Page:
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Well Lynn, as a fully paid up resident Brit, I have to say you’ve opened up a whole can of worms here!

Getting us to agree on tea is well nigh impossible, except that one thing everyone agrees on is that the water should be boiling when it makes contact with the tea, whether that tea is loose leaf or in a bag.

If you use a teapot, warm it first. Mugs or cups? Cups if you’re being formal but most of us drink it out of mugs most of the time.

In many Brit households, when a visitor is offered a cup (mug) of tea, there’s usually a supplementary question: “Earl Grey or Builder’s?”

Earl Grey, (my preference but taken with milk because I’m a heathen) is supposedly the more refined choice whereas Builder’s tea is anything but Earl Gray and supposedly the preferred drink of the working person, although this allusion to our class system is now largely meant humorously and ironically.

Thoroughly confused now?

If any of our American friends offer visiting Brits a cup of tea; good luck!



Two more cans of worms.

Heated debate about scones and clotted cream.

First of all, pronunciation. The U.K. is bitterly divided about whether to make the “O” in scones a long or short vowel sound.

Secondly, with scones and clotted cream, everyone agrees that what we Brits call jam and what American friends call jelly is essential.

Blows have almost been come to as to whether the jam (jelly) is spread on the scone first, followed by the cream, or vice versa.

My own personal theory is that when those guys in Boston in 1773 threw all that tea tea into the harbour, it wasn’t a political act at all. It was just sheer exasperation about all of the stupid British rituals surrounding tea and a clear determination to adopt coffee as the national beverage instead.

Sally Watling

It was a delicious tea dear friends. The raspberry shortbreads were wonderful.

Suzanne Dunaway

Lovely bars. An isolaton recette I adore because you can use any raw vegetable you have around.
I use my food processor to chop all the vegetables quite fine, but not pureed!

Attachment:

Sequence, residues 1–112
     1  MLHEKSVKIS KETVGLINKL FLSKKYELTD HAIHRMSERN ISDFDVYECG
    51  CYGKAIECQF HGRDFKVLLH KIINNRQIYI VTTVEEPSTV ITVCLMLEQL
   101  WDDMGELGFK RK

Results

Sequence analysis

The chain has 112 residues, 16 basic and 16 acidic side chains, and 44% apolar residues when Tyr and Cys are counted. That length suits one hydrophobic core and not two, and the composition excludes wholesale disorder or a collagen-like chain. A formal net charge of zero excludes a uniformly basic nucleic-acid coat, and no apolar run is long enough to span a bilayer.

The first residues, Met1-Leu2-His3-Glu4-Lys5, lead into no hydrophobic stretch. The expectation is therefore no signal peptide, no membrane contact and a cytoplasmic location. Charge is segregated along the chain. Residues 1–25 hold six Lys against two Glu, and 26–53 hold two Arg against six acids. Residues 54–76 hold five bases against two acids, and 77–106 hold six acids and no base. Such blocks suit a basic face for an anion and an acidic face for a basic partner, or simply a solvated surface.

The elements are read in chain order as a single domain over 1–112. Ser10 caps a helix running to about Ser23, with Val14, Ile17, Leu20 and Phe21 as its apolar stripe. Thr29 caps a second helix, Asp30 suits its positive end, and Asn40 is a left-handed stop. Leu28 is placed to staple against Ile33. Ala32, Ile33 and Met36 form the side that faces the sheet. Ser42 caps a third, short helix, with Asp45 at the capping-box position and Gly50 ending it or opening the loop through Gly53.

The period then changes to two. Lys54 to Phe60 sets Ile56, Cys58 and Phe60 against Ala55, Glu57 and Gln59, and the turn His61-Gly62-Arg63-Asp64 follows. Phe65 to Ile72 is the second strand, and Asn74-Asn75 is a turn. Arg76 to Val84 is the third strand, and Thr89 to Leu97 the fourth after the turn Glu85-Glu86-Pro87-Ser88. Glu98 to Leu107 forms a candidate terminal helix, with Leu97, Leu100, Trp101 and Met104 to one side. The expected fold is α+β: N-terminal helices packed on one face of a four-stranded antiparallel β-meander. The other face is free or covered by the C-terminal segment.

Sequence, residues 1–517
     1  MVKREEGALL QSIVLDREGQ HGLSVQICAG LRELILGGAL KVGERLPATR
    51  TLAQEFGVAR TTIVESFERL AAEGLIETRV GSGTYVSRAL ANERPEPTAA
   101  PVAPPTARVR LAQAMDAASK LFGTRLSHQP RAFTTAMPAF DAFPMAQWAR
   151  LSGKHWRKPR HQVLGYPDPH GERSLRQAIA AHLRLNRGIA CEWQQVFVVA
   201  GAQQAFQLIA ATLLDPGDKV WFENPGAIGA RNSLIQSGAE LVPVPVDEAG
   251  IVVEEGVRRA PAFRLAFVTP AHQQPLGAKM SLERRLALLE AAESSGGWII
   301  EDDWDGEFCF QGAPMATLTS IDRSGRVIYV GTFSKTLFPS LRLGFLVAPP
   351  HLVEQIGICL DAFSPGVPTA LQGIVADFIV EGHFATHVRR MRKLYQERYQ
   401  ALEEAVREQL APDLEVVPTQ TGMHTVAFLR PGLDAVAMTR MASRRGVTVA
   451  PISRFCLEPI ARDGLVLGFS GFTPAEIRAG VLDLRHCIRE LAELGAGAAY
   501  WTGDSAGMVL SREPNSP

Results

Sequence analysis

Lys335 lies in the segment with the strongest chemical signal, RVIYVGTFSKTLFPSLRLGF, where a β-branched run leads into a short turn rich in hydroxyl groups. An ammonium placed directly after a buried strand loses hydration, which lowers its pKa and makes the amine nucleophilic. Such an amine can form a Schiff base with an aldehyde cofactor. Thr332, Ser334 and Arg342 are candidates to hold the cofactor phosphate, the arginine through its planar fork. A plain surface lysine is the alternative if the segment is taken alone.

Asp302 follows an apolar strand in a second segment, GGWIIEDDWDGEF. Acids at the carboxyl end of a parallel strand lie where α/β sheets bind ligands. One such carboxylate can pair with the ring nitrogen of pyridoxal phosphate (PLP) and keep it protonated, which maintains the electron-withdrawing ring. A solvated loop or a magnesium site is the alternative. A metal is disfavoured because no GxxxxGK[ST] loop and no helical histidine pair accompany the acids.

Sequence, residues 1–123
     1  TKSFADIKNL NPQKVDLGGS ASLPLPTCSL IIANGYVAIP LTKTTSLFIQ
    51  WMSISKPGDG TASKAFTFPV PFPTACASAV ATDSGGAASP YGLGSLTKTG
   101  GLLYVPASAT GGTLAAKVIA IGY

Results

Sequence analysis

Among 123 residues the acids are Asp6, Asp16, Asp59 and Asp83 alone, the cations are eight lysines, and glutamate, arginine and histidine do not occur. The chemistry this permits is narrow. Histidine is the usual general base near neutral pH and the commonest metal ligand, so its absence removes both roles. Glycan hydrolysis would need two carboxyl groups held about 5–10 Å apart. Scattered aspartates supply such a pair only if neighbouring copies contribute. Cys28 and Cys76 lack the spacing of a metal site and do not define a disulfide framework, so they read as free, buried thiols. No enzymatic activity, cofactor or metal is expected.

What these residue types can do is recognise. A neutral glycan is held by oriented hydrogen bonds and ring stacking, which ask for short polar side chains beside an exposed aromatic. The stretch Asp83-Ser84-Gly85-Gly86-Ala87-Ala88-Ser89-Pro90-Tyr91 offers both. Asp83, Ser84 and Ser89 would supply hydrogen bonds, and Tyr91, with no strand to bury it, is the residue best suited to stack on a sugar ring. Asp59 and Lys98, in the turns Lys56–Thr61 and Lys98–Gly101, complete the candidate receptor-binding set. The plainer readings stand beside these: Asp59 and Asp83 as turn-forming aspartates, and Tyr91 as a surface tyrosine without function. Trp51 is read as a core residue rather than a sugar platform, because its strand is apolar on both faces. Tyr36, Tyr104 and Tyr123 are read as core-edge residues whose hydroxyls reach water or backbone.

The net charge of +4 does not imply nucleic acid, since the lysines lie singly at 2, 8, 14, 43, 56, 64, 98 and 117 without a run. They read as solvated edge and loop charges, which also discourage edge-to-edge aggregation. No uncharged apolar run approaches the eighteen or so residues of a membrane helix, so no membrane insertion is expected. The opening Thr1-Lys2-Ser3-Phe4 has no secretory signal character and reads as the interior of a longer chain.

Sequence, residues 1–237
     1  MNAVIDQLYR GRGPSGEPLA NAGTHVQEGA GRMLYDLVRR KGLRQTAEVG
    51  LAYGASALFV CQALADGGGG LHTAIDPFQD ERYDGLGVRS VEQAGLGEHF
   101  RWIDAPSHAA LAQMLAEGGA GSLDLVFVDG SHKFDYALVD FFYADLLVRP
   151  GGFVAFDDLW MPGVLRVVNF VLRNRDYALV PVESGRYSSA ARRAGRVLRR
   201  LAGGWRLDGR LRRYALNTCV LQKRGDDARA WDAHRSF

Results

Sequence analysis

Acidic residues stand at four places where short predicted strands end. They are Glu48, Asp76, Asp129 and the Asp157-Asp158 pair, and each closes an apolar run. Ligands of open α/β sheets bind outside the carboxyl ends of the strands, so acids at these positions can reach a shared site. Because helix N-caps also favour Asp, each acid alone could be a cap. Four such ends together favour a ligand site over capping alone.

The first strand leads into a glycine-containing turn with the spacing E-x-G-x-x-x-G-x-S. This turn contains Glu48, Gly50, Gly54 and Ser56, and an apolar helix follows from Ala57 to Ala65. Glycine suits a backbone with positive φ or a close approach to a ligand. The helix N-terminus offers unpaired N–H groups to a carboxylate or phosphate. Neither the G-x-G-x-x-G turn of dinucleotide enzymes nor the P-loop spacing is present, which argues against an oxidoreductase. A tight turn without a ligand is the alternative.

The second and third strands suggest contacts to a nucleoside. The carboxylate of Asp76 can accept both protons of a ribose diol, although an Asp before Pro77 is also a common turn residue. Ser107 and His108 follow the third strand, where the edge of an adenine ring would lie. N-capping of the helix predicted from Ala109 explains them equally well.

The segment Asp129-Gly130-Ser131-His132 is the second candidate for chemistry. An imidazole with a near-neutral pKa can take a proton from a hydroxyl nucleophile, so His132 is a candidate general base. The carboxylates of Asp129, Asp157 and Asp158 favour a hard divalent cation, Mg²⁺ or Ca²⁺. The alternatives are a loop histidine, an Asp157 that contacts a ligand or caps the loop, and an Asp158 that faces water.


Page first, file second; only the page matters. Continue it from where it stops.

2 cups grated courgette, carrot, champignons, etc. Even potiron.
2 generoustablespoons flour
1/2 teaspoon levure chimique, baking powder
2 tablespoons grated parmesan
Salt, pepper
Pinch of curry powder
1 egg (and 1 egg only!)

Mix all the dry ingredients and then stir in the egg to make a compact mix.

Drop by tablespoons into a hot pan brushed with olive oil.
Saute on one side until very crisp, then turn over and do the same on the other.
Serve with lemon or your favorite sauce or nothing at all. Good by themselves.

Suzanne Dunaway

Jane Williamson

Afternoon tea has become 'the' thing, but anyone who sticks out their pinkie is now viewed as terribly affected and NQU, not quite us!


Your raspberry shortbread recipe will go into my recipe binder. I will make them for my first post covid French conversation group meeting in your honor.

Doris Wolfe

Afternoon tea is a afternoon delight that my husband picked up during WWII, An American serving with the British troops, the war stopped to have afternoon tea. It’s still a ritual all these many years later.
Merci beaucoup for thé recipe, It’s a great time to bake during lockdown in France.

Jan Greening

This is just an aside whisper to Lynn sent with a sincere smile - that pesky digital elf who thinks he knows what we want to type snuck in an extra “c” again in the first mention of scones!! 😉 As always I love your blog and am looking forward to trying this recipe. Thanks so much for sharing your experiences with us!! Restez sauf et sain 😷, Jan Greening

Libby Wilkie

Tea is my favorite time of day, whether first thing in the morning or a cuppa at 4 PM. (I never touch coffee...) Always loose of course, and Assam is my favorite. And now I have a British son-in-law and daughter who live there which make my tea obsession a part of our lives!